Peace Uv Mine Recording artists Radio Galaxy are featured in 002 Magazine within their Recording section.  This sonic trio provides the Space City Sound that we’ve all been looking for.  Peep their interview below courtesy of 002:


When did you guys get started as a group? I know you released a single in 2010, and your album last year, but when did you first get together?

It was around that time when the very first single came out. Maybe a little bit before. I had actually done some background work and a little bit of writing hooks and things like for H.I.S.D., and because King Coz basically produced the majority of their projects, we started working together. Initially we were working on an EP for me because I was going to do the solo thing, but I decided not to because I vibed so well and we meshed so well as a group as we were working on the music. And we decided to become a group — King Coz and I — which… King Coz of course is comprised of King Midas and DJ Cozmos. But the energy was so crazy between us and we had so much fun making music that it was just inevitable that we were gonna join forces and become a team.

It needed to be something with its own identity, the three of you.

Yeah, absolutely. We all bring something very unique to the group. I don’t think that I would ever have that sound with anyone else. When I was getting started as an artist, I had tried different producers, but nothing anywhere remotely close to the sound that I found with them, or the sound that we created together, rather, because like I said, we all have different musical tastes, and all that just kind of meshes to create the Radio Galaxy sound.

There’s something about the way that all of your melodic sensibilities seem to intersect at some point.

DJ Cozmos has primarily a rap and hip-hop background. King Midas is more so into — he’s into hip-hop, but he’s also into acts like Stereolab and old, old school R&B, and I’m more so along the lines of alternative music, jazz, hip-hop as well… and experimental music, so the combination of all those things is what created our sound. I mean, I listen to anything from classical music to folk, just anything. I just enjoy music, the whole spectrum of it.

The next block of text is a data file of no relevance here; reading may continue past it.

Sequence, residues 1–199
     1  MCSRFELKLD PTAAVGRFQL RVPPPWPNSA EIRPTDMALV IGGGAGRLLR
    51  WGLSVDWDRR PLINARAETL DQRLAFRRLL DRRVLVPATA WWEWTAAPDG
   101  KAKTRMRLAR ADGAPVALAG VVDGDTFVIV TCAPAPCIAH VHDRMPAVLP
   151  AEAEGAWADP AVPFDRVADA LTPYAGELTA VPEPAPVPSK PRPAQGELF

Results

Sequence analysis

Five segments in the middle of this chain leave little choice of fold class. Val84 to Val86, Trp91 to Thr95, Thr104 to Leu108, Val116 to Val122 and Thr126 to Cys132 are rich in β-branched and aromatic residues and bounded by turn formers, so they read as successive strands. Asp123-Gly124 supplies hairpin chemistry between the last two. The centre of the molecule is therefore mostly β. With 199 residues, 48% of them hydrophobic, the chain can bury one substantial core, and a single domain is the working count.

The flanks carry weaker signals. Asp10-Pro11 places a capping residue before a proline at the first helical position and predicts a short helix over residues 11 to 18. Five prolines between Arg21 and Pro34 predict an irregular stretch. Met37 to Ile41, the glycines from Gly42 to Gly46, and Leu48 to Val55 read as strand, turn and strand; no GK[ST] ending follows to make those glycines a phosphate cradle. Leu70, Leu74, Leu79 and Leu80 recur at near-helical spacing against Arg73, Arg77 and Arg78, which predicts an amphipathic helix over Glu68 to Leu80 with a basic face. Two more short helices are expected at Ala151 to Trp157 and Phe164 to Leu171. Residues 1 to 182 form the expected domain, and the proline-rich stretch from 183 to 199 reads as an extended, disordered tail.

What are some big ones for you — when you were growing up, some things that musically turned the tables for you, the way you were hearing things?

For me, growing up, my dad listened to a lot of rock. He listened to Led Zeppelin and The Beatles and Rolling Stones, people like that, so I grew up listening to that as well as listening to instrumental music, like jazz musicians, so listening to Thelonious Monk, Charlie Parker, Miles Davis, people like that. And in addition to that, listening your Cab Calloways and Billie Holiday and that whole era of music. For the most part I listened to a combination of those two things and then as far as the instrumental music goes, just listening to the jazz musicians. That’s actually how I learned to sing, by mimicking instruments. I was that weird kid who was walking around the house making random noises. I learned to sing that way.

Right, but that defines your association with melody and the way that you want to hear sound come out.

Right, absolutely, because one of the singers — well, an old jazz musician told me that I’m the type of singer that uses my voice as an instrument as opposed to… you know how some singers want to be the standout? I would rather actually just be another member of the band.

How are you coming along with that fear of butterflies?

Oh my goodness — so you’ve seen the “Fly Trap” video?


[laughs] Yeah, for my birthday, that was one of the things I wanted to try to conquer. It’s still a work in progress. I can say that I’m willing to go back there and do it all over again and I doubt that I would run through the way that I did, in a frenzy. There were little kids that we had to edit out, of course, but little kids were staring at me like, “Oh my God — she’s really afraid of them!”

Well that’s very brave of you to say you’d go back.

Yeah, I’ll probably do that. And then, I see butterflies around outside when I’m walking the dog all the time, and I don’t run from them anymore, so that’s a good sign.

 They’re not looking at you sideways or anything.

I know! They’re not eyeing me. | | @radio_galaxy


Interview by Lance Scott Walker |Photography by Anthony Rathbun